• Merlin Carpenter


    The moves deemed necessary to enjoy career success in the British art world are becoming increasingly restricted to badges of triumph within an overwhelmingly competitive system. Beck’s, the beer company that, as an ubiquitous sponsor, entered into a symbiotic relationship with British art some years ago, recently inaugurated the Beck’s Futures prize. Aimed at artists with growing reputations, it has provided a useful staging post between the up-and-comer status conferred by an appearance in the annual New Contemporaries exhibition and the reputation-confirming imprimatur of a Turner Prize

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  • Jemima Stehli

    Chisenhale Gallery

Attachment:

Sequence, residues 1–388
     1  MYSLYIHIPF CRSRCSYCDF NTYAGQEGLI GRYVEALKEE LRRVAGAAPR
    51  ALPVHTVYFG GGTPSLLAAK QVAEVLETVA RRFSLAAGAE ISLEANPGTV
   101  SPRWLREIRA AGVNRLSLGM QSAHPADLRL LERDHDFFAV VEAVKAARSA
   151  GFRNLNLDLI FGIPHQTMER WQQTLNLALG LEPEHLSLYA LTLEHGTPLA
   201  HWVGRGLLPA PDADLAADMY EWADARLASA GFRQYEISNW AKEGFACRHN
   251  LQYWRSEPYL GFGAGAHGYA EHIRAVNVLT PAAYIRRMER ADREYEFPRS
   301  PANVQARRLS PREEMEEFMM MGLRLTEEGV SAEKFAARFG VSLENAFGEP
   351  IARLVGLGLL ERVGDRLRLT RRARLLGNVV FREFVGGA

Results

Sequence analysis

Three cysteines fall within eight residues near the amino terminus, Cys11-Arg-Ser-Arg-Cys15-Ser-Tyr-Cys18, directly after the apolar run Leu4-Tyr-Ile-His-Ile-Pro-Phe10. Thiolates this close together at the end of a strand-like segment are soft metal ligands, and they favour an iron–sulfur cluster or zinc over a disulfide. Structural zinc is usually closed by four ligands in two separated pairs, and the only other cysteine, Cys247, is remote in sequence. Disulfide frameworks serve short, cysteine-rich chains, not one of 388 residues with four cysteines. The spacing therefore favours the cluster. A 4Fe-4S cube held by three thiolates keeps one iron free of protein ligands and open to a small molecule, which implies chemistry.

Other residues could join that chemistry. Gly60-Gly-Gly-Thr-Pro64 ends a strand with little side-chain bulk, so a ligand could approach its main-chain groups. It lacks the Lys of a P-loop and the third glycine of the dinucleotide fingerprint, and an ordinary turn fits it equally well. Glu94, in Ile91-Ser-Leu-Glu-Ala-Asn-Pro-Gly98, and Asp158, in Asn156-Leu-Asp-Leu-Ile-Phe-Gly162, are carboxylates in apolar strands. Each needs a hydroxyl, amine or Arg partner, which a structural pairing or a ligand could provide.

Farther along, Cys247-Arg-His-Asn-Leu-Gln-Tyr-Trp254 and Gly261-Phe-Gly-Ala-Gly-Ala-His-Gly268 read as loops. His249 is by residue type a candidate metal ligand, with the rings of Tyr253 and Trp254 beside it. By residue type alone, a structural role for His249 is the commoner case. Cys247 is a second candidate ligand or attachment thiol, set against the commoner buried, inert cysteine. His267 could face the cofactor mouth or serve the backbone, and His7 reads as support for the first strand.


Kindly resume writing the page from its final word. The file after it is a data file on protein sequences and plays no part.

Jemima Stehli seems bent on provocation. Even before her recent show opened, I had already heard several people say that they had no intention of seeing it. What was it that had gotten on their nerves? Apparently they were revulsed by “Strip,” 1999/2000, an earlier group of photographs, which Stehli had made in collaboration with a number of male critics. In those images, the artist is seen from behind, nude or nearly so, in the foreground; in the background of the otherwise empty studio sits the fully clothed male subject holding the camera’s trip wire. Invoking the idea of male control over

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